Groce dealt bad hand in crucial season

By Alex Roux

Imagine you have a test coming up soon.

It’s a math test, and it’s an important one. In fact, your livelihood could depend on how well you perform on it. You’ve been preparing all summer for this test, spending countless hours getting ready.

A couple weeks before the test, you’re informed that you can’t use two of your three shiny No. 2 pencils on the test, and if your last remaining pencil breaks, you’re pretty much screwed. You also can’t use a calculator.

You wouldn’t feel very good about your chances on said test, would you?

Now use this extremely simplified metaphor and imagine how Illinois head coach John Groce feels heading into his fourth season in Champaign. On the heels of back-to-back NIT appearances, it’s a crucial year for him and his team.

Illinois basketball hasn’t missed three straight NCAA tournaments in over 35 years. Although I wouldn’t say his job was on the line, this was supposed to be a year of intense evaluation of the direction Groce is leading the program.

But with injuries to four key players and the dismissal of Darius Paul, the idea of a true “evaluation year” is now out the window. Senior Tracy Abrams is out for a second consecutive year. Junior guard Kendrick Nunn — out eight weeks with a thumb injury — and sophomore forward Leron Black — out for up to four weeks with a torn meniscus — are each expected to miss a handful of games, and freshman Jalen Coleman-Lands is recovering from a stress fracture in his leg. All five of them were expected to compete for starting positions.

What’s left of the 2015-2016 Illinois basketball team for opening night on Nov. 13? Junior small forward Malcolm Hill, who is an all-around stud, will be the go-to guy. Fellow junior Jaylon Tate will play heavy minutes at the point guard position. Maverick Morgan, another junior, figures to get a good amount of minutes in the post.

The rest of the roster, including a gimpy Coleman-Lands, has never played a minute of basketball for Illinois.

Think about that. At least the first few games of the season will be in the hands of three juniors and a remaining team of total question marks. Groce’s incoming freshmen, Aaron Jordan, D.J. Williams and Coleman-Lands, are talented, and redshirt freshman Michael Finke will have a major chance to fill in for Black and contribute right away.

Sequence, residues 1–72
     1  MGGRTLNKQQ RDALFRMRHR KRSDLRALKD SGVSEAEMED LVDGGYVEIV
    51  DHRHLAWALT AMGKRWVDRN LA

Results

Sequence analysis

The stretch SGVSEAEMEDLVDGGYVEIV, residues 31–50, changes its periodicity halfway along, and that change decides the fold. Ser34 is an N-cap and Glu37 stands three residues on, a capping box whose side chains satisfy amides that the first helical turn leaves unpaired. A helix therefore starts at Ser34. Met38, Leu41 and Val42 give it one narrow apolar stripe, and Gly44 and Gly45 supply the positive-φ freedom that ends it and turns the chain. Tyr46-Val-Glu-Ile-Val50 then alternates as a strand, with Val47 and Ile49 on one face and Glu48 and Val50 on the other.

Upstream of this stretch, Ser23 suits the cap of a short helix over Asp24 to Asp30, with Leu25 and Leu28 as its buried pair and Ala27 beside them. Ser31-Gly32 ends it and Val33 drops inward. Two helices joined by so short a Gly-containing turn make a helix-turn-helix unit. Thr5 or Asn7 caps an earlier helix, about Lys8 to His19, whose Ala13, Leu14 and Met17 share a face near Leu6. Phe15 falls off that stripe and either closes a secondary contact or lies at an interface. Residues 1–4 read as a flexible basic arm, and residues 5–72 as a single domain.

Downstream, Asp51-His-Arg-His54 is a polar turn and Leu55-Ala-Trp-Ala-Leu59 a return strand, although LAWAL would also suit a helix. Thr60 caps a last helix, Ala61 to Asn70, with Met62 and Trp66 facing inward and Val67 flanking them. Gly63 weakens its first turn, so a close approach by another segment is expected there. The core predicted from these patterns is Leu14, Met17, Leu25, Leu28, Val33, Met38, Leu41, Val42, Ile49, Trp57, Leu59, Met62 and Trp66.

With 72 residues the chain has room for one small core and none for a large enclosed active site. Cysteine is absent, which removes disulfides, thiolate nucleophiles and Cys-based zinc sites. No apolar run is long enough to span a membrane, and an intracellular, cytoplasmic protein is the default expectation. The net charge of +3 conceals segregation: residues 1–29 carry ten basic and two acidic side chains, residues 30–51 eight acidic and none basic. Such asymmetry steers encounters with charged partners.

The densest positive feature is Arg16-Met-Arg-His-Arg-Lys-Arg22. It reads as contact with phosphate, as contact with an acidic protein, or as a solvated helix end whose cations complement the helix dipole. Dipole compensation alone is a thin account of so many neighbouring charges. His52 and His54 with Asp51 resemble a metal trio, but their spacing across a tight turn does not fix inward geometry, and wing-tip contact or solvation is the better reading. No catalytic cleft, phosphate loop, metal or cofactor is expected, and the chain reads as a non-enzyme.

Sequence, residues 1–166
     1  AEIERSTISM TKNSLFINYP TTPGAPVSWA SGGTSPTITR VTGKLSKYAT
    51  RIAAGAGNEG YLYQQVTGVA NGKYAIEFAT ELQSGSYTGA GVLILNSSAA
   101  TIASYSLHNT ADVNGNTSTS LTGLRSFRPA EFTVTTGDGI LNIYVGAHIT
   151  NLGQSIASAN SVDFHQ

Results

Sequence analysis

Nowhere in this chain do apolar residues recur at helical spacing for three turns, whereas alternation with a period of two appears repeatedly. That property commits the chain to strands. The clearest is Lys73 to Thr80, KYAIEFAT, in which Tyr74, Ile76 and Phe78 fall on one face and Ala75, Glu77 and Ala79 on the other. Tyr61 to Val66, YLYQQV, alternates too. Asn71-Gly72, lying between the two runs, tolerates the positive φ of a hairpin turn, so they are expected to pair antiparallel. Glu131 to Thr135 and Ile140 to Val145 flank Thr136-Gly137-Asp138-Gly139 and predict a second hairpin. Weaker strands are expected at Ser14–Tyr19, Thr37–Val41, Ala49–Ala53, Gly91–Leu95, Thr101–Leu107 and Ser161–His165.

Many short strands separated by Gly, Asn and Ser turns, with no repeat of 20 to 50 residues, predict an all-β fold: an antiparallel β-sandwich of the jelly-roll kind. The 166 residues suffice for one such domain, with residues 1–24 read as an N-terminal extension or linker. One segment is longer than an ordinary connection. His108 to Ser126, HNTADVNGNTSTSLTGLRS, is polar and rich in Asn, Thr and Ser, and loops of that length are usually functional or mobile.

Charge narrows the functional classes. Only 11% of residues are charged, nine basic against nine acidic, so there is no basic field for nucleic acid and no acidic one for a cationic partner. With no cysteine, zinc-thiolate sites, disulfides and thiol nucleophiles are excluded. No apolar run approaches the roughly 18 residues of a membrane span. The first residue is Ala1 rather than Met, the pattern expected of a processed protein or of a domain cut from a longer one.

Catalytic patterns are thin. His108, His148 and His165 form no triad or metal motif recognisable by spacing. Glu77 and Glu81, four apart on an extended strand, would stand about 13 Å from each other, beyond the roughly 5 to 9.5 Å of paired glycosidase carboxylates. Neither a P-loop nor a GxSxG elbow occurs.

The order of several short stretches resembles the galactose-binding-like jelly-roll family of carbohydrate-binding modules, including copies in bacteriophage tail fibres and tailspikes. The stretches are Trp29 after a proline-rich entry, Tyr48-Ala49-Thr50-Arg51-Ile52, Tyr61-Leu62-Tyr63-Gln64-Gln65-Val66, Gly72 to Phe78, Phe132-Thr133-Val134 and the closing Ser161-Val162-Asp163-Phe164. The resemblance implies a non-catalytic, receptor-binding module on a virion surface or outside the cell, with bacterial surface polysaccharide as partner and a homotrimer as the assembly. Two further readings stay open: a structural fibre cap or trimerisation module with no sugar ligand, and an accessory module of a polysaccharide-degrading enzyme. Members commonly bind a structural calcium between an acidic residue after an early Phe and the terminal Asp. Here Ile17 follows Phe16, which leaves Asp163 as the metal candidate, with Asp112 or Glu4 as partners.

Fifth-year senior transfers Khalid Lewis and Mike Thorne will be relied upon to help steady the ship until Nunn and Black are able to return, but they’re both unknown quantities at the high-major level. With so much uncertainty, it’s hard to blame fans for giving up on the season before it even begins.

Maybe this series of unfortunate events will motivate the Illini. Hill is already drowning out the groans, scoffing at the notion that this season is a throwaway.

“To be honest, I don’t really care what everybody thinks,” Hill said. “Everybody always thinks we’re going to be bad. We know we’ll be all right within the locker room. We don’t really worry what other people say about us. It’s just their opinion.”

It’s a good mindset to have, but it remains to be seen if added motivation alone can keep Illinois afloat with so much talent in street clothes.

Injuries struck the Illini last year as well, making it difficult to evaluate if Groce was to blame for a late-season collapse that sunk the spirits of players and fans. The only way Groce is truly evaluated this year is if he leads his team to unexpected success against heavy odds.

It’s unfair for Groce and it’s unfair for the fans that Year Four has a black cloud hanging over it before it even begins. This was supposed to be Groce’s biggest test, but it’s looking like the results could be nearly impossible to grade.

He won’t make excuses and his players won’t either, even though they probably should be allowed to.

The only thing they can do now is roll the ball out and play.

Alex is a senior in AHS.
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